Below is a reflection of British Ambassador to the Holy See Nigel Baker, entitled ‘Nuns, the Church and Society.’ Published on April 13th, it is from Ambassador Baker’s blog available on the British Embassy to the Holy See Website:
Stereotypical images tend to come to mind, at least the non-Catholic British mind, when we think of nuns. We think of Julie Andrews and The Sound of Music. Perhaps Sister Wendy Beckett delivering art lectures. We might just stretch to Mother Teresa in the slums of Calcutta.
Like most stereotypes, such images are both unhelpful and out-dated. The OED definition of the word is “Woman living in a convent usually under vows of poverty, chastity and obedience”. It also, usefully, reminds us that it derives from the Latin word “nonna”, the feminine version of “nonnus” meaning monk, but also the same as the modern Italian word for grandmother. And like modern grandmothers, nuns may be found in a wide range of roles, places and occupations.
A look in the Holy See’s directory reveals hundreds of different female religious orders. All are dedicated to God and to service. But what variety that encompasses! I recently spent a few days in Venice, where I stayed with my family in a House run by the Sisters of Missionary Servants of the Holy Sacrament. While their numbers are diminishing in Europe, they are flourishing in the Philippines, and actively living their vocation of spreading the Gospel amongst lay people and families. Their hospitality to us and other visiting groups was exceptionally kind. Professionally, my embassy has worked closely with members of the Women Superiors of Italy in their work to tackle human trafficking, bringing together their incomparable networks to support victims trafficked to places like the UK, and reunite them with their families from Albania to Nigeria. And just last month, I met a number of members of the Council of the International Union of Superiors General – including Benedictines, members of the Missionaries of Our Lady of Africa, and Loreto Sisters – to discuss sexual violence against women in conflict. We examined how their networks, especially in Africa, might link with those of the UK and other countries in helping to end the culture of impunity against sexual violence perpetrators, and better protect women and men from the crime.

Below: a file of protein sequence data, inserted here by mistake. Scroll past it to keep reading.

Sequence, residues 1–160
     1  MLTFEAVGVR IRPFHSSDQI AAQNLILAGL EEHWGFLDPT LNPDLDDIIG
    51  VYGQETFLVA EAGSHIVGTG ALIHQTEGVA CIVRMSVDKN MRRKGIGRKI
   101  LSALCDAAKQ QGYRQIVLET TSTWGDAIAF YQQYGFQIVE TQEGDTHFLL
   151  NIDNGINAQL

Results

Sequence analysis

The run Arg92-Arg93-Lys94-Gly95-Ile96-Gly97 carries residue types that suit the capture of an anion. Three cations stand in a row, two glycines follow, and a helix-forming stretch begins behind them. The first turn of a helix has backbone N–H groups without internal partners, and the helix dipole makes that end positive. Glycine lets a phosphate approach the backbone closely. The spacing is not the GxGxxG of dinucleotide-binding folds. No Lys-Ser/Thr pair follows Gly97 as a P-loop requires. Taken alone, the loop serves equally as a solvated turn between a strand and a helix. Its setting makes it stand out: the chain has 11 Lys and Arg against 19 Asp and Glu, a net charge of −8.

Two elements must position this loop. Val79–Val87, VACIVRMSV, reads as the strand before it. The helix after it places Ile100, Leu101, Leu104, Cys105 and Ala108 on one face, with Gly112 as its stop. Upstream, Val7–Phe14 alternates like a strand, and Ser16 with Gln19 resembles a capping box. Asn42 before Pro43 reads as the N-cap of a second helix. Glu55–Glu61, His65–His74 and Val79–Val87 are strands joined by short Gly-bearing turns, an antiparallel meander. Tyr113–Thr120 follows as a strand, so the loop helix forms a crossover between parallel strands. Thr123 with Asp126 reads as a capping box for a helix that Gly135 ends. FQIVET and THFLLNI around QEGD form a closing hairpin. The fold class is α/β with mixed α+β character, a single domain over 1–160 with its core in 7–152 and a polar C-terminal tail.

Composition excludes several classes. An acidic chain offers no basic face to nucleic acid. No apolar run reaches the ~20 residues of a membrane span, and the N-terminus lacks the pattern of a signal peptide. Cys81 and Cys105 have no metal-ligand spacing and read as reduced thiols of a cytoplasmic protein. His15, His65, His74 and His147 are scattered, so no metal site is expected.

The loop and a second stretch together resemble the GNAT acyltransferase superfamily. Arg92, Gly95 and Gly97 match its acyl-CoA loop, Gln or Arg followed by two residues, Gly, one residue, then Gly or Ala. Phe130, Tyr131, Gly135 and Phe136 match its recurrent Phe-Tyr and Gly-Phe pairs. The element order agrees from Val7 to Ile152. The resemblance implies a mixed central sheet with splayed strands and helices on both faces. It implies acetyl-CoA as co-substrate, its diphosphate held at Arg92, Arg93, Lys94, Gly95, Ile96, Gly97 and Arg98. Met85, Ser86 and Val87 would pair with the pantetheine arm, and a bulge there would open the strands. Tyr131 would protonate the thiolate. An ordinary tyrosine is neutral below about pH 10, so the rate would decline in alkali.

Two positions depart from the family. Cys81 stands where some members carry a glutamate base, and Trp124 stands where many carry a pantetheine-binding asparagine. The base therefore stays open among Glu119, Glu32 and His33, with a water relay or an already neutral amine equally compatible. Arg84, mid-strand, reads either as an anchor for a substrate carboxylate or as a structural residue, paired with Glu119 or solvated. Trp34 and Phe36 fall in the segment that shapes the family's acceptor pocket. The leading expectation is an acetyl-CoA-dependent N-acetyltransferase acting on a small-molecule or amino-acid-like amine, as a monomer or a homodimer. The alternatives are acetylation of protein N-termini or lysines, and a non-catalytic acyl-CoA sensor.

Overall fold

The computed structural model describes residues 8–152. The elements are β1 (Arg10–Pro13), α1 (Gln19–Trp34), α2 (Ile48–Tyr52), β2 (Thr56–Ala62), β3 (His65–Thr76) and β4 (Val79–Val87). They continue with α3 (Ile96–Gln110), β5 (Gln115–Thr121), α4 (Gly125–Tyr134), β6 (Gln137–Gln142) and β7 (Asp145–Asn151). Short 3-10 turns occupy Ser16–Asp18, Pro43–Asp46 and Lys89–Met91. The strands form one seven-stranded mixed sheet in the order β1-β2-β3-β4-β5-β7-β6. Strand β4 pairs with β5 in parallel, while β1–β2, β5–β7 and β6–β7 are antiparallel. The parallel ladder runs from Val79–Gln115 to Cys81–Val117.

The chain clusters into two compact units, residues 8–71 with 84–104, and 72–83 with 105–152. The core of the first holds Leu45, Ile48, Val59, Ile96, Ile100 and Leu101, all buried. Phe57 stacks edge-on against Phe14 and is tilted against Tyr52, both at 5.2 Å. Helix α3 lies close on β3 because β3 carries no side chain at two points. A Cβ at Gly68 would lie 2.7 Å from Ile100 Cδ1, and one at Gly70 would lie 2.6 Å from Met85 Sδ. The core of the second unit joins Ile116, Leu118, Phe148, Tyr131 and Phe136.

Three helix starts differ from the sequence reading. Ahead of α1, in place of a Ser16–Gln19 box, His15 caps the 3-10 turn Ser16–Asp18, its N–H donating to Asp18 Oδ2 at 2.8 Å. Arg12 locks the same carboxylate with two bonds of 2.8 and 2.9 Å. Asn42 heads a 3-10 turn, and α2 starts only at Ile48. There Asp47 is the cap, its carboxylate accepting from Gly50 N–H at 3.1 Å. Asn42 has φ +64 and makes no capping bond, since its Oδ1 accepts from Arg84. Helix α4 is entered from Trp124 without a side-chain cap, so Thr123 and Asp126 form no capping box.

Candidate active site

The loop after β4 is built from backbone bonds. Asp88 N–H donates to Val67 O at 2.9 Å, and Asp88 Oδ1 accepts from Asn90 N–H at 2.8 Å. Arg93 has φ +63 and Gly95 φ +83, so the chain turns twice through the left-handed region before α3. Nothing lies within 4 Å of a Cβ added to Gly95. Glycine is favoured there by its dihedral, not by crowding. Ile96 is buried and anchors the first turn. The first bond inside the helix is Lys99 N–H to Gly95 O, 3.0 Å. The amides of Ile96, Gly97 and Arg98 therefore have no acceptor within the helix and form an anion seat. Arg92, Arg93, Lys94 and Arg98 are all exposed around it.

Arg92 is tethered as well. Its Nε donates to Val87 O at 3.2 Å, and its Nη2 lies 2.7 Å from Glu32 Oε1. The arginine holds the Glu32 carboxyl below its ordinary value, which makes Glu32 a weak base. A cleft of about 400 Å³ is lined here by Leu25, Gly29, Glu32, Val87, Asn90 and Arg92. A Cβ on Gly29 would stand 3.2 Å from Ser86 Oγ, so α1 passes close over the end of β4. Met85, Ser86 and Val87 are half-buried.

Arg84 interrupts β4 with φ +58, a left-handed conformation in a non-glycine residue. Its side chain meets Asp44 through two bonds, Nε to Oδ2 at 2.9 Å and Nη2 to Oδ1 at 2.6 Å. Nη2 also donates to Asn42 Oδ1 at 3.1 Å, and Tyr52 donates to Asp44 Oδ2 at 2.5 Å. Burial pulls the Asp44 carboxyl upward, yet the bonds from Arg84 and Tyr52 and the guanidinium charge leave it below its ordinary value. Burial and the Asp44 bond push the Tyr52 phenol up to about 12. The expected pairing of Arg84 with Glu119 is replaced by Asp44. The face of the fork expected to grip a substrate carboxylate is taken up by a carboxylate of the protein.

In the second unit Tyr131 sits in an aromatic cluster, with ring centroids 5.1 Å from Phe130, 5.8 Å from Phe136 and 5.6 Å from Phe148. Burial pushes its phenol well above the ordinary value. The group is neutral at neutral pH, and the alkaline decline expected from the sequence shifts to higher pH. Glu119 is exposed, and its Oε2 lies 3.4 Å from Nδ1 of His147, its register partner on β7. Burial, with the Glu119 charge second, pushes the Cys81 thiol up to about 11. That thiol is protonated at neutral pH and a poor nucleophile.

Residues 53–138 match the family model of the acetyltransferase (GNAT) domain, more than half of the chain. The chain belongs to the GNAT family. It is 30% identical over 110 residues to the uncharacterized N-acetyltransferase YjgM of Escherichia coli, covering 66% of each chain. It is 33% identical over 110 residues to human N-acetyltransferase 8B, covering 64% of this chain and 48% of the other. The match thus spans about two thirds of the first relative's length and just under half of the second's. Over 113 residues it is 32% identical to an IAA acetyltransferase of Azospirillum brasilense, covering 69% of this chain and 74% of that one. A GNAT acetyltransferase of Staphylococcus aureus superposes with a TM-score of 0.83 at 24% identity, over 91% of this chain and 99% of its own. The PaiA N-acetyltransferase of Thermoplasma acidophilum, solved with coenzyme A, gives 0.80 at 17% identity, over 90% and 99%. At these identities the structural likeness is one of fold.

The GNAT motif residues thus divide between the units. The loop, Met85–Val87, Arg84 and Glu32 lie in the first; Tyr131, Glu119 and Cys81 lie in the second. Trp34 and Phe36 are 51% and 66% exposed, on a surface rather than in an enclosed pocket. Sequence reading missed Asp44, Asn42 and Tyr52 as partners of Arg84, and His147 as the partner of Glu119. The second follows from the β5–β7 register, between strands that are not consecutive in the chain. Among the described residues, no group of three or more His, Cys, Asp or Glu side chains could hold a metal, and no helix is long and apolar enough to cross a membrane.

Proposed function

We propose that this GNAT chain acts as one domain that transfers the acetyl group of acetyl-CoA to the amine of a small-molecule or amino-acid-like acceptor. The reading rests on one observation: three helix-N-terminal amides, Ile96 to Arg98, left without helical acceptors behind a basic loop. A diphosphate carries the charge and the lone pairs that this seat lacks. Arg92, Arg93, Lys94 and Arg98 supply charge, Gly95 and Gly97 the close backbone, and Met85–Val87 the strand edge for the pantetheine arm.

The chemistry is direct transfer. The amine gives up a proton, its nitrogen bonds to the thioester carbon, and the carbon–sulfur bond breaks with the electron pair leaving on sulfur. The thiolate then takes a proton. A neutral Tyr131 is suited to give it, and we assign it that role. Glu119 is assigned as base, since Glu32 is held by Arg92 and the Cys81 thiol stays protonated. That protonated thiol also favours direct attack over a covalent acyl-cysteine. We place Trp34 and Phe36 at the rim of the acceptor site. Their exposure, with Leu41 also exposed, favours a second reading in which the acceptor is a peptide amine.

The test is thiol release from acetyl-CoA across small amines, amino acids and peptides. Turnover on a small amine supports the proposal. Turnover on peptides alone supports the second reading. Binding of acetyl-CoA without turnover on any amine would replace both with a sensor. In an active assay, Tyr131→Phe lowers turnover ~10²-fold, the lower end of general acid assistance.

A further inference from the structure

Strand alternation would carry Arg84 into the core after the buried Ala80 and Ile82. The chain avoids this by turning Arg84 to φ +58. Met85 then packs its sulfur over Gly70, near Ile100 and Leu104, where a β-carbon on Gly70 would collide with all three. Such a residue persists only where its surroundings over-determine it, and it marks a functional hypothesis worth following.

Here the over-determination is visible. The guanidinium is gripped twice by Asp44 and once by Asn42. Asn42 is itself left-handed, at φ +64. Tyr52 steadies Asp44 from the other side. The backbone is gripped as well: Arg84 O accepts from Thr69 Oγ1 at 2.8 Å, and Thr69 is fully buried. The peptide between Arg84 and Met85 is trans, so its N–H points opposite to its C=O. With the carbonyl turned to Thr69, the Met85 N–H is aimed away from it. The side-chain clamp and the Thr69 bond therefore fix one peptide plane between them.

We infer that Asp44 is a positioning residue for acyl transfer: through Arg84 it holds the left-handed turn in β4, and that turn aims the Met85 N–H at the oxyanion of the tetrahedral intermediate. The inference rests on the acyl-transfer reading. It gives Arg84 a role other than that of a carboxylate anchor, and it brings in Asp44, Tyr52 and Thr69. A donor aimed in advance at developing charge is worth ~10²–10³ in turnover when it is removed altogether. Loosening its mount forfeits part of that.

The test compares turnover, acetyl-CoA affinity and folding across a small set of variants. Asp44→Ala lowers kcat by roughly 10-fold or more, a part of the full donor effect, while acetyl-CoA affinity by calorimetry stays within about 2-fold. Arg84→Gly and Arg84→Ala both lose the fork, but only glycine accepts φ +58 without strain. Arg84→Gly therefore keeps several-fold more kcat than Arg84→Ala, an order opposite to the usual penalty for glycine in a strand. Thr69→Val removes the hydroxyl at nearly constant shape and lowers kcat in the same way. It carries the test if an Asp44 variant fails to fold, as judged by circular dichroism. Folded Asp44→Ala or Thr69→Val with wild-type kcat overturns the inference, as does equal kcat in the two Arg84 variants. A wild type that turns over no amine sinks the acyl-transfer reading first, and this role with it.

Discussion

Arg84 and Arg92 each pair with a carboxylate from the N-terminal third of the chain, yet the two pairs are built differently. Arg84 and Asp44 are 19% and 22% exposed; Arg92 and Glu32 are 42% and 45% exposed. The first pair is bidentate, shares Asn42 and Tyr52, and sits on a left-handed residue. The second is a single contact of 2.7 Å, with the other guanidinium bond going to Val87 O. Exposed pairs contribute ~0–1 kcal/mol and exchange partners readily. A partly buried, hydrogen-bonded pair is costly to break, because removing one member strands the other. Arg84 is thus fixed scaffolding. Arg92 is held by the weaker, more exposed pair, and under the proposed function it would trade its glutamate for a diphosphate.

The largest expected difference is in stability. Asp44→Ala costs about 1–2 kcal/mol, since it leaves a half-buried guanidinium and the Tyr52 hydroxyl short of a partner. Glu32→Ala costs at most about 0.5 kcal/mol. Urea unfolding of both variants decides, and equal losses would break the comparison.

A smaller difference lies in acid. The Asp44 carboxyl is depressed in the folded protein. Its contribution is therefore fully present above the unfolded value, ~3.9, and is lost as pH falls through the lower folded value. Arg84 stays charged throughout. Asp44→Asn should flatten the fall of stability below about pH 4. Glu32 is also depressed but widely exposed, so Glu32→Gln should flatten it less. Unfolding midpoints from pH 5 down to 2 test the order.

Round the table at such gatherings have been psychologists, surgeons, social workers, professors, administrators, management consultants, health workers, accountants and computer experts. As it happens, all have been nuns. All dedicated to poverty, chastity and obedience. And all making a difference to the lives of others in our very contemporary world.
So when you next think of nuns, by all means remember Mother Teresa, but also think, perhaps, of the African sister who suggested to me how her Congregation might set up a smart phone app to provide advice to first responders in conflict zones where sexual crimes may have been submitted. Or the Scottish sister in Rome who is running management and leadership courses for men and women in the Church. Or even Mary Ward (1585-1645), Yorkshire born and bred, who resisted the glass ceilings and discrimination of her time to found an active ministry outside convent walls, and was placed on the first rung towards sainthood by Benedict XVI. That’s the reality. Not a guitar in sight.
On the NET:
Link to the original piece on Ambassador Baker’s Blog: http://blogs.fco.gov.uk/nigelbaker/2015/04/13/nuns-the-church-and-society/